There’s One More Thing

“Just One More Thing” was the phrase that Steve Jobs used at the end of an Apple World Wide Developers Conference to announce somthing important and significant before the end of the event.

We finsihed our Tasmanian adventure on Saturday, staying in Geelomg overnight as the ferry was almost teo hours late in arriving. Driving 50 miles home at 10.45 pm wasn’t very appealing.

However, our late arrival had one benefit (the one more thing) – especiallly if you are a ‘ship spotter’ We came though the heads into Prt Phillip Bay at around 7.00 pm and found a procession of ships coming towards us down the South Channel.

The first was the Searoad Mersey II. This ship runs every second day to provide a service between Melbourne and Devonport. It carries general goods, vehicles and livestock. It completes the 437km / 271.5 mile voyage across Bass Strait and through Port Phillip Bay in roughly sixteen hours; departing port at 1600 and arriving at its destination at 0800 the next morning. Built in Germany in 2016, she is the first coastal ship in Australia to use LNG fuel as its primary source of power. .

The second ship had a bit more of a romantic presence. The Viking Orion is a cruise ship operated by Viking Ocean Cruises. She was built by Fincantieri at its yard in Ancona, Italy and delivered to Viking Cruises in 2018. The ship was christened by NASA astronaut Anna Fisher in a ceremony at Livorno, Italy. The ship was named after the constellation Orion the Hunter and has the unique feature of a planetarium on board.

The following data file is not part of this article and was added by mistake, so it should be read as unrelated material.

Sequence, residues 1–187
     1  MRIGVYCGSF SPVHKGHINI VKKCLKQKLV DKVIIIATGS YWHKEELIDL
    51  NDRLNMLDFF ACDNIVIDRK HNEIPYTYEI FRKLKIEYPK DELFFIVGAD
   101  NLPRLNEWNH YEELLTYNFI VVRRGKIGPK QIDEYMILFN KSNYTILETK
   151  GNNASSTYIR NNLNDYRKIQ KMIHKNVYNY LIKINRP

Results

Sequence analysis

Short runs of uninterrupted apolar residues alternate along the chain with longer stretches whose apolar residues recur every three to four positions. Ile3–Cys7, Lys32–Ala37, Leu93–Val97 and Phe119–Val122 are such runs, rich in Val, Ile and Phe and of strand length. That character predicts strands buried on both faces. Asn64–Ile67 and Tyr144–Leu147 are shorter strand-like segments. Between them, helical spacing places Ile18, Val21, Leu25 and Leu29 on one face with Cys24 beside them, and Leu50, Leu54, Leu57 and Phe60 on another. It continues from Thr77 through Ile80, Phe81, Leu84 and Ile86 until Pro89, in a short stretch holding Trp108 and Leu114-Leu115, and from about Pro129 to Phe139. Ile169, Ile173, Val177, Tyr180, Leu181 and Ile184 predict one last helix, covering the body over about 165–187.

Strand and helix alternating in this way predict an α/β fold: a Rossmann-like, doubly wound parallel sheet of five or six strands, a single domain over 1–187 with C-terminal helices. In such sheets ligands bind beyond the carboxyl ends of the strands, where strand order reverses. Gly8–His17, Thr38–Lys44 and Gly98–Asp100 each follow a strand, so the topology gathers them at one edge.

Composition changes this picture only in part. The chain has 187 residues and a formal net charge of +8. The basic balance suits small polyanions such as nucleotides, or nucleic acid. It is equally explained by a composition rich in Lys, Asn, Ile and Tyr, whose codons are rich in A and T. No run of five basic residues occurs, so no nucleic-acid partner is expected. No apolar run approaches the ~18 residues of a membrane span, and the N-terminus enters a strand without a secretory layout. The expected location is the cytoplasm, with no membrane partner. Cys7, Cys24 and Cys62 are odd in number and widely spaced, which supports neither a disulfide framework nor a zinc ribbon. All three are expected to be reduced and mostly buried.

On January 2, 2023, this ship was asked to leave New Zealand waters due to it carrying excess algae and barnacles. The ship was subsequently prohibited from docking in Adelaide due to the same issues, causing passengers to be stranded onboard. Four port stops on that cruise were missed. The contamination was resolved by the cruise line hiring divers to clean the hull whilst it was in international waters.

On this voyage, she seemed to disappear into the sunset without any difficulty.

The third ship in the procession was the Toll owned Tasmanian Achiever 2. Toll is perhaps beter known as a trucking and logistics company but they do own a number of ships. The Tasmanian Achiever II is a cargo ship that is primarily used on Bass Strait between Melbourne and Burnie. It replaced the Tasmanian Achiever I. Along with its sister ship Victorian Reliance II, it was the largest cargo ship registered in Australia when introduced in March 2019.

THe final ship in the procession was the biggest and the best – The Queen Mary 2. It had completed a day vist to Melbourne and was leaving for Sydney.

She is a British transatlantic ocean liner. She has served as the flagship of Cunard Line since succeeding Queen Elizabeth 2 in 2004. The ship was officially named Queen Mary 2 by Queen Elizabeth II in 2004 after the first RMS Queen Mary of 1936. With the retirement of Queen Elizabeth 2 in 2008, Queen Mary 2 is the only ocean liner in service in the world. It has a regular service between Southampton, England, and New York City, and an annual world cruise.

She was designed by a team of British naval architects led by Stephen Payne, and was constructed in France by Chantiers de l’Atlantique. At the time of her construction, Queen Mary 2 was the longest, at 1,131.99 ft (345.03 m), and largest, with a gross tonnage of 148,528 GT, passenger ship ever built. 

3 thoughts on “There’s One More Thing

  1. She’s a beautiful ship, QM2 that is.
    What is the criteria for her being the only Ocean Liner?
    It’s been a wonderful end to the holiday

  2. Enjoyed your description of passing ships when returning home.
    Thanks Bruce Ian/Sue

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